Trump Angst Fires Up Gold as Victory May See Rally Toward $1,400
Donald Trump has lit a fire under the global gold market.
Bullion rose for a sixth straight day as the tightening U.S. presidential race spurred a jump in haven demand, with investors seeking out protection in their portfolios against the possibility of a victory for the maverick Republican candidate even as the Federal Reserve sent a signal that rates will soon rise.
“The insurance quality for gold has been there for quite some time,” Wayne Gordon, executive director for commodities and foreign exchange at UBS Group AG’s wealth-management unit, said in a Bloomberg Television interview. “If Donald Trump is elected next week, we think gold can go anywhere shy of $1,400. If Hillary Clinton is elected, we think gold can probably fall by $20, $30. So the clear skew in this trade is to the upside.”
Investors are seeking to navigate the crosscurrents thrown up by the U.S. poll that’s due next week, with a possible victory for Trump buoying bullion prices amid concern that his presidency risks a global trade war and may hurt growth. Gold’s advance has unfolded as the U.S. central bank prepares the ground for a hike next month, saying Wednesday it only needed “some” further evidence inflation and employment were on track toward its goals in order to hike.
Bullion for immediate delivery rose as much as 0.8 percent to $1,306.87 an ounce and traded at $1,302.38 at 2:36 p.m. in Singapore, according to Bloomberg generic pricing. On Wednesday, prices rallied to a four-week high of $1,308.02 as global equities fell for the sixth time in seven days.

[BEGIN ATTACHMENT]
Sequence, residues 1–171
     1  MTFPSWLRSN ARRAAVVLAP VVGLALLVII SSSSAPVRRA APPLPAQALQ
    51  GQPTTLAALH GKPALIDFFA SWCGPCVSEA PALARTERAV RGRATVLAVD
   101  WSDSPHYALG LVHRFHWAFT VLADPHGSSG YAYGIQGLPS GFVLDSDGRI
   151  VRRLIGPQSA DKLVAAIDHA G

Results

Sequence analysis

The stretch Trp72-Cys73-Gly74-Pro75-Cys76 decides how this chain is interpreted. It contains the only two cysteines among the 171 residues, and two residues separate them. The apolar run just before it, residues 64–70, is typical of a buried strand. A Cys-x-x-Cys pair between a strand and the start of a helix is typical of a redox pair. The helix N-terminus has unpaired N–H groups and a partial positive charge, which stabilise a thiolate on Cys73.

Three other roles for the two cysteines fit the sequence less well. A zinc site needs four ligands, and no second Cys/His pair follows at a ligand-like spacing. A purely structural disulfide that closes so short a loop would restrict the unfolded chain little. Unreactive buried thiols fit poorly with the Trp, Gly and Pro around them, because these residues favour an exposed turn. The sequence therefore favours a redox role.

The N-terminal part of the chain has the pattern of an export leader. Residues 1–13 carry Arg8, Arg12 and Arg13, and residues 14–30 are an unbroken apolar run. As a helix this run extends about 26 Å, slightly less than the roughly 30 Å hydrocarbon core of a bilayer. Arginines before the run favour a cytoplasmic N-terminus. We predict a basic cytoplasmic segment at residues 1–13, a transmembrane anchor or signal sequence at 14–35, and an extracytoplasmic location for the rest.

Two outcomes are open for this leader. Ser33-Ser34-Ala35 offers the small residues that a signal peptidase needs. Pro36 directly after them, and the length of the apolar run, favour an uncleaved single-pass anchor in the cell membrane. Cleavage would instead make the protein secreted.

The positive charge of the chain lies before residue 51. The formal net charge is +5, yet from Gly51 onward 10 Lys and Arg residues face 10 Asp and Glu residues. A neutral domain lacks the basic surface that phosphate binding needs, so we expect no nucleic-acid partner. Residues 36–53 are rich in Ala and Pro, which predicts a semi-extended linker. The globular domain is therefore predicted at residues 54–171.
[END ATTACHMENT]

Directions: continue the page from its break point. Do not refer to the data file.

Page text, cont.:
Silver has benefited from investors’ Trump angst too. The metal seen as gold’s cheaper, more volatile cousin advanced on Thursday for the ninth time in 10 days. Spot prices rose 0.2 percent at $18.5145 an ounce, after gaining to $18.7415 on Wednesday, the highest level since Oct. 4.
Democrat Clinton has seen her odds of a victory falter after a probe into an unauthorized e-mail server was reopened. Election uncertainty may drive precious metals higher as investors flee to havens, Jodie Gunzberg, global head of commodities and real assets at S&P Dow Jones Indices, said in a note.
A Trump win “would see likely see a wave of risk aversion,” said Daniel Hynes, senior commodity strategist at Australia & New Zealand Banking Group Ltd. “Gold prices have already moved higher as a result of the U.S. presidential election becoming less clear. Assuming polls continue to tighten, gold prices should continue to edge higher.”
- Assets in exchange-traded funds backed by gold have expanded every month this year apart from a dip in April. Holdings were at 2,043 tons on Wednesday, up 40 percent in 2016, data compiled by Bloomberg show.
- In China, bullion of 99.99 percent purity added as much as 0.8 percent to 284.78 yuan a gram ($1,310.42 an ounce) on the Shanghai Gold Exchange, the highest since Oct. 10.
- On global markets, platinum increased 0.3 percent, while palladium climbed 0.4 percent.